Accumulation of type I fish antifreeze protein in transgenic tobacco is cold-specific

Kimberly D. Kenward, Mitchell Altschuler, David Hildebrand, Peter L. Davies

Research output: Contribution to journalArticlepeer-review

61 Scopus citations


Expression of fish antifreeze protein (AFP) genes in plants is a possible means of increasing their frost resistance and freeze tolerance. Initial work involved transfer into tobacco of an AFP gene from winter flounder which codes for the alanine-rich, α-helical Type I AFP. Plants were transformed with a gene construct in which the preproAFP cDNA was inserted between the cauliflower mosaic virus 19S RNA promoter and the nopaline synthetase polyadenylation site. Although transgenic plants produced AFP mRNA, no AFP was detected on western blots. Re-evaluation of AFP expression in these transgenic plants showed that AFP accumulated to detectable levels only after exposure of the plant to cold. Extracts of plants incubated at 4°C for 24 h contained a protein which co-migrated with winter flounder proAFP and was cross-reactive to Type I AFP antisera. Two other minor protein bands of slightly higher apparent Mr also cross-reacted with the antisera and are thought to represent processing intermediates. The proAFP was unique to the transgenic plants and was absent in extracts taken prior to cold exposure. AFP levels increased over the first 48 h of cold incubation then remained stable. Since the α-helix content of Type I AFP has been shown to decrease markedly at warmer temperatures, we postulate that Type I AFP stability in transgenic plants is dependent on its secondary structure.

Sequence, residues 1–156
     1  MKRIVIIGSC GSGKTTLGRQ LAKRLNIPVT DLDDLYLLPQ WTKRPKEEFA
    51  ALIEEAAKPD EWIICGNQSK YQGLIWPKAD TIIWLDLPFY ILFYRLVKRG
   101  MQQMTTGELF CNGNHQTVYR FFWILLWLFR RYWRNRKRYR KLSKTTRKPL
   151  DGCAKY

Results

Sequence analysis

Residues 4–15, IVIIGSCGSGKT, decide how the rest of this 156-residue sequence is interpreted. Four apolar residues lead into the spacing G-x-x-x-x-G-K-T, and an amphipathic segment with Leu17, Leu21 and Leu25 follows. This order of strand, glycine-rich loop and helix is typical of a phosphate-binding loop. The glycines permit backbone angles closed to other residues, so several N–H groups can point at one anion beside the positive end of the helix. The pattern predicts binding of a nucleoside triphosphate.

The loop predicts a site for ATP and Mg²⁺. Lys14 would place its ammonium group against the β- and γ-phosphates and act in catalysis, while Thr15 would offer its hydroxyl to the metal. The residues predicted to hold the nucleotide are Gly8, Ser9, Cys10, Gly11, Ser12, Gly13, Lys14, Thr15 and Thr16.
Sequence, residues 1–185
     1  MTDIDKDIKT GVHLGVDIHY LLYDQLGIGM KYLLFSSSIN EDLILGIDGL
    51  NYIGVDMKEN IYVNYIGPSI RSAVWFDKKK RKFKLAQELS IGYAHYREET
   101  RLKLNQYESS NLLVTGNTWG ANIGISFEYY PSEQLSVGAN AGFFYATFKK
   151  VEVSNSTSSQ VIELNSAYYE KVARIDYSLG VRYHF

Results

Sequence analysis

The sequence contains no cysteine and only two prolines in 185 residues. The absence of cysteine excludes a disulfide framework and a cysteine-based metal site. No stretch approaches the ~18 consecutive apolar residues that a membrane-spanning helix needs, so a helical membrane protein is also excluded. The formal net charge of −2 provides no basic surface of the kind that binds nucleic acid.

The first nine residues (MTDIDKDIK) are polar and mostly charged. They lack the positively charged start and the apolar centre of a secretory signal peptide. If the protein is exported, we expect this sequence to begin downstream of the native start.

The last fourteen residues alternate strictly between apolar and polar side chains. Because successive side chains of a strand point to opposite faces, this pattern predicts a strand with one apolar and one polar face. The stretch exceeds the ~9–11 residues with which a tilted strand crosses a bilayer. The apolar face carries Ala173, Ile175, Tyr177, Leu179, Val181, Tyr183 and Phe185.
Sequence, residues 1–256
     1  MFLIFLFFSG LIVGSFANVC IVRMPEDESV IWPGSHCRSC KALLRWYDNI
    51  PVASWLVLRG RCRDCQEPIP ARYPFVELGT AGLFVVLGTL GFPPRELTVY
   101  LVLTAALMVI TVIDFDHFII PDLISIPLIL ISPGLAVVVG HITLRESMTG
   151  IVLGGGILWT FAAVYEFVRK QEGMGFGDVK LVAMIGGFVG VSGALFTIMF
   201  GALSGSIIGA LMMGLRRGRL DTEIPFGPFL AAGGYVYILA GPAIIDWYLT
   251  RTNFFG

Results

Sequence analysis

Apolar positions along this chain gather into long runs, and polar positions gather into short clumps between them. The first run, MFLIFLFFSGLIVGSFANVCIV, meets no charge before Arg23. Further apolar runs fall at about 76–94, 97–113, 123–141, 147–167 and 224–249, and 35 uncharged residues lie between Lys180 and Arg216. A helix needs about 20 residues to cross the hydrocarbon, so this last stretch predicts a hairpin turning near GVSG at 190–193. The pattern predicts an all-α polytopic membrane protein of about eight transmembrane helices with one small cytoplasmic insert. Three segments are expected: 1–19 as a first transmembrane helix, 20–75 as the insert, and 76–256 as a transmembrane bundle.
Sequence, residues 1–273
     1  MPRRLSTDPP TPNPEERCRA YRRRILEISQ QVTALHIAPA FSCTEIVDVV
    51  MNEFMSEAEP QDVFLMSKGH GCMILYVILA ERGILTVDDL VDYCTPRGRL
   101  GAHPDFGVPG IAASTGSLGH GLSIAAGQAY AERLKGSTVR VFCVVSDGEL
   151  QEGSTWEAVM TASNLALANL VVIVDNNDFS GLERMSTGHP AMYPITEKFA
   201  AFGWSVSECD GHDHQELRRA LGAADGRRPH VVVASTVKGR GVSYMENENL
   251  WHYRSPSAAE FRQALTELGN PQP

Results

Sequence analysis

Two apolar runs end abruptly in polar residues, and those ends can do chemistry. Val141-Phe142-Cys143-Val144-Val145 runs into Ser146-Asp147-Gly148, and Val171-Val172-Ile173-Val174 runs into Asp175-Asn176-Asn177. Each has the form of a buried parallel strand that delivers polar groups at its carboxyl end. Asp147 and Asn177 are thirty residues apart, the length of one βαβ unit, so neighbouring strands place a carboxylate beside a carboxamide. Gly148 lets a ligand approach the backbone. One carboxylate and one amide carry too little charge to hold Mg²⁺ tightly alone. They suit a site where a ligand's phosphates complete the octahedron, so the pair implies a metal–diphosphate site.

Original languageEnglish
Pages (from-to)377-385
Number of pages9
JournalPlant Molecular Biology
Issue number2
StatePublished - Oct 1993


  • antifreeze proteins
  • gene transfer
  • preproprotein processing
  • α-helix stability

ASJC Scopus subject areas

  • Agronomy and Crop Science
  • Genetics
  • Plant Science


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